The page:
Please Note: This Article is 6 years old. This increases the likelihood that some or all of it's content is now outdated.

Do you know if you own your property as tenants in common or joint tenants and do you know what these legal terms actually mean in practice?

When a property is purchased jointly, the owners can chose to either be “joint tenants” or “tenants in common”. This confirms the type of legal ownership each person has over the property, which in turn can affect what happens to the property if the relationship breaks down, or if one owner dies.

The most common type of joint home ownership in the UK is joint tenants, with 63% of homeowners believing they hold their property as joint tenants. This gives equal rights over the property for each partner and equal ownership with each owning 100% of the property.

As a result, for joint tenants the ownership of property passes automatically to the other owner when one dies.  The share of the property can’t be passed onto a third party in a will whilst the other owner is alive.

By contrast, only 12% of UK homeowners say that they own their home as tenants in common. With tenants in common each owner owns a fixed stake in the property – which could be 50/50, but doesn’t need to be.

Joint Tenancies are often seen in cases where one partner puts down a larger deposit when purchasing a home, making it possible for two people to jointly own a home together, with one person owning say 70% and the other owning 30% of the property, for example.

They are also frequently seen when the parents of one or both partners assist with their child’s deposit, as the percentage share of the property is agreed upon in advance, usually from the size of the deposit each side puts down, this secures the money from the parents to their child.

Being tenants in common can also be useful if the relationship breaks down between the two homeowners. The financial split may be easier to resolve because the share of property ownership has already been agreed upon, even if the property has increased in value.

Another important fact to consider is the impact the type of ownership can have on care costs. Local authorities have the right to recover costs for long term care from the sale of the property. For homeowners who are tenants in common, the local authority can only recoup costs from the share of the person who receives the care. If the house is jointly held they could recoup costs up to the full value of the property.

In addition, unlike joint tenants, for those who are tenants in common the share ownership does not automatically go to the other if one owner dies. As a result, an owner can pass on their share of the property to a third party in a will.

Ian Williams, spokesperson for Ocean Finance, has said:

“The benefits of buying a house together as tenants in common are becoming better understood by homebuyers.  With more couples getting financial support from families with their deposit, or putting in their own savings, splitting the ownership allows them to preserve their share.  And for older borrowers it offers some protection from care costs.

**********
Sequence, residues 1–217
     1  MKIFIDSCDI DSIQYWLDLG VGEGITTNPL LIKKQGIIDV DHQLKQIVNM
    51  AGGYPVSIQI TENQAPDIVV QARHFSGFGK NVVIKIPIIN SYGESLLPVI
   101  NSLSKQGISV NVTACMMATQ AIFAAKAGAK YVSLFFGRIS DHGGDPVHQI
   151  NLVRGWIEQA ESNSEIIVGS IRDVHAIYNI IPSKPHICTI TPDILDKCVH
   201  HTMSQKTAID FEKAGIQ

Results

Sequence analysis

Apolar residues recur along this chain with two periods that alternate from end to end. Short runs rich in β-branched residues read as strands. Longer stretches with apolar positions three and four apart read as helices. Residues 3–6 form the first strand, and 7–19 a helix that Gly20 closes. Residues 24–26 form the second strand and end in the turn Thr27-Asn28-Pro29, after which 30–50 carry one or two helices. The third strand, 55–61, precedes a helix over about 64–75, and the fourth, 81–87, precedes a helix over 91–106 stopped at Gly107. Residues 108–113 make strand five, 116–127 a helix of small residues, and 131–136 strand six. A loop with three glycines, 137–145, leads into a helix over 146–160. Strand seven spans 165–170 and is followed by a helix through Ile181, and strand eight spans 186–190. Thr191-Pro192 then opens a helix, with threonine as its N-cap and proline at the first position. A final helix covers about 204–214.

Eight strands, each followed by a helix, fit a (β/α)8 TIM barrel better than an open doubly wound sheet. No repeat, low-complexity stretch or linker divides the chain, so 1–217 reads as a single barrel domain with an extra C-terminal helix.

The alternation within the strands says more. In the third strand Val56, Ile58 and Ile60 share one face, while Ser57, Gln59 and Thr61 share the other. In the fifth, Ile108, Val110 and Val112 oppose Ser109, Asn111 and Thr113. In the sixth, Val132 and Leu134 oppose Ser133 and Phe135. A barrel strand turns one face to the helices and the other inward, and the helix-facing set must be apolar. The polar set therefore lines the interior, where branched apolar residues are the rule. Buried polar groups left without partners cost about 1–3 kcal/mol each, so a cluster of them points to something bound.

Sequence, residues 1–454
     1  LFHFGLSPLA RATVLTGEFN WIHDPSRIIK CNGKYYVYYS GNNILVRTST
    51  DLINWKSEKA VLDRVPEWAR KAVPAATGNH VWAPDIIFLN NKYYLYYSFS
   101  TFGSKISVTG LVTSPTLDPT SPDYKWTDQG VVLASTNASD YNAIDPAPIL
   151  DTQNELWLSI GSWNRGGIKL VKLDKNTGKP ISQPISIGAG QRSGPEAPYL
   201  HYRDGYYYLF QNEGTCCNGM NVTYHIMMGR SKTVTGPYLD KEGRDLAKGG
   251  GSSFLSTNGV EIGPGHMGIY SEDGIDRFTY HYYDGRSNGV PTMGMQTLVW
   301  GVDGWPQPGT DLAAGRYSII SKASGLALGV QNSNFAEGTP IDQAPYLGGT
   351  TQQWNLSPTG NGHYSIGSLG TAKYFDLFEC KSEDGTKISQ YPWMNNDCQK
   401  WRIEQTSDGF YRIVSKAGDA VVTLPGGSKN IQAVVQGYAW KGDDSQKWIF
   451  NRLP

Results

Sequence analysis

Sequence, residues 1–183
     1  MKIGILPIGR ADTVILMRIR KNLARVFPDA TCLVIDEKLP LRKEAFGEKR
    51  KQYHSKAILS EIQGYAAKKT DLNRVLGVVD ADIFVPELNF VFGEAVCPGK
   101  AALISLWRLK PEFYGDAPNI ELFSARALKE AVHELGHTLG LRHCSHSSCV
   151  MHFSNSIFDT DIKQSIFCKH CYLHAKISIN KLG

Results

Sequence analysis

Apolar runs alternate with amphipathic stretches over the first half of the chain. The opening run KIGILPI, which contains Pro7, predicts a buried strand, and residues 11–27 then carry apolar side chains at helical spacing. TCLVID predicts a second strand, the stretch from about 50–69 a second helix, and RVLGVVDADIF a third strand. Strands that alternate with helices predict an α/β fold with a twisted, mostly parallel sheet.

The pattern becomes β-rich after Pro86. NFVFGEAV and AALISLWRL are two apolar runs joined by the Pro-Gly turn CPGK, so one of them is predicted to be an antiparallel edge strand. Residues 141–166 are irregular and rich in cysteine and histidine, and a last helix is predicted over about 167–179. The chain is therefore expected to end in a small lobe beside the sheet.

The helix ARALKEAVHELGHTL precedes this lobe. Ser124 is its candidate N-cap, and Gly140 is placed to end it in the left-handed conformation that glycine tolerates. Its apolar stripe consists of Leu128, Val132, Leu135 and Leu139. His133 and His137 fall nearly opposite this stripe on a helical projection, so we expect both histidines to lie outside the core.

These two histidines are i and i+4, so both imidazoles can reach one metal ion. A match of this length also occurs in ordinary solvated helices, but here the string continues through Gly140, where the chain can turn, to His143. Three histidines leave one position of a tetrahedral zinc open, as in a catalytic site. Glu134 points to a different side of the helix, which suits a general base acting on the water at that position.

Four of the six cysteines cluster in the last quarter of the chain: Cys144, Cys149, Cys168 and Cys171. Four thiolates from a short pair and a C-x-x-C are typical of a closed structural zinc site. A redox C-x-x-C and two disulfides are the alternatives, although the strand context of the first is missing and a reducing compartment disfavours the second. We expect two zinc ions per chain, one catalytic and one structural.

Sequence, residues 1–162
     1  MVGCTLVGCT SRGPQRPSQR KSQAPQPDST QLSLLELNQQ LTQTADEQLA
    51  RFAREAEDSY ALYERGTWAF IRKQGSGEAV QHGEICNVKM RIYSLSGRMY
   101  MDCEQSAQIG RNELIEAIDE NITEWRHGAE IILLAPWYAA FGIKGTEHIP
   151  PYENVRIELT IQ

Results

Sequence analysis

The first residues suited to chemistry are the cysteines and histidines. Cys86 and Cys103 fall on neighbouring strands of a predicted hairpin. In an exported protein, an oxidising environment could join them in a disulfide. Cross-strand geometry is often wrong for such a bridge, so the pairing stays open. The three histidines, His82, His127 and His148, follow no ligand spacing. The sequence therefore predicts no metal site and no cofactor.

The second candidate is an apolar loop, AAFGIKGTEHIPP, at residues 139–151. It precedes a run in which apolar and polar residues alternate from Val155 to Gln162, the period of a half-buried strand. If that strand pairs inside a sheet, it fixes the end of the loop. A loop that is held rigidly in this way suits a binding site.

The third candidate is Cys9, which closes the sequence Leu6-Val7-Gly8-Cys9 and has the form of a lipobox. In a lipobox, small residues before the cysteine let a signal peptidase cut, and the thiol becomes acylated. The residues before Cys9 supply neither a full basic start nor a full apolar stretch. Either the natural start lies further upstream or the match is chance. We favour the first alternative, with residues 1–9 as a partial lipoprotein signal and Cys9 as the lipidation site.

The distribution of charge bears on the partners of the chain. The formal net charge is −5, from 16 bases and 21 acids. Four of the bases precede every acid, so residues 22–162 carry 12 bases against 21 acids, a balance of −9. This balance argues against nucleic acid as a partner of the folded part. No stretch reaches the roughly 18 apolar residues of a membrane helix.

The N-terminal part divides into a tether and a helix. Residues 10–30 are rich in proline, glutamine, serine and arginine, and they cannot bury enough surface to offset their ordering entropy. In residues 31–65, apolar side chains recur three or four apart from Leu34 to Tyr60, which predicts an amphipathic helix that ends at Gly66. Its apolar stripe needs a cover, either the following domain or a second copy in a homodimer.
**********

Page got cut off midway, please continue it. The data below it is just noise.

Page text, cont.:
“The good news is that it isn’t too hard for joint tenants to split their tenancy if they need to – you can either download the forms from the Land Registry and do it yourself, or get help from a solicitor or conveyancer.”

According to data obtained by Ocean Finance c17 million (34%) of adults in the UK own a home with another person, however 1 in 4 of those are not aware of the legal structure to how they own their home, according to research from Ocean Finance.

63% of homeowners in the UK know they are joint tenants

12% of homeowners in the UK know they are tenants in common

A quarter of UK adults don’t know the legal terms in which they own their home

*3Gem Research carried out online interviews with a nationally representative sample of 2,000 people between 29th June and 6th July 2016.

**Figures extrapolated based on ONS UK adult population estimates for 2013 of 50.3m

About Joint Property Ownership

For more information about ‘joint tenants’ and ‘tenants in common’ visit here which also includes the necessary forms to change the ownership structure –

Article supplied by Ocean Finance –

Established in 1991, Ocean Finance is one of the UK’s leading loan and mortgage brokers. The company works with many of the UK’s leading loan and mortgage lenders to help people find the right deal.

Please Note: This Article is 6 years old. This increases the likelihood that some or all of it's content is now outdated.


  1. Two people each own 50% share in a property portfolio as tenants in common, both receiving equal rent.
    One of the owners goes away for several years and upon his return finds that the other half of the partnership has only being paying an arbitrary amount rent to the absent partner whilst pocketing 75%-80% of the rent himself.
    What obligations are there for tenants in common to distribute rent evenly and what could be done to redress the situation?


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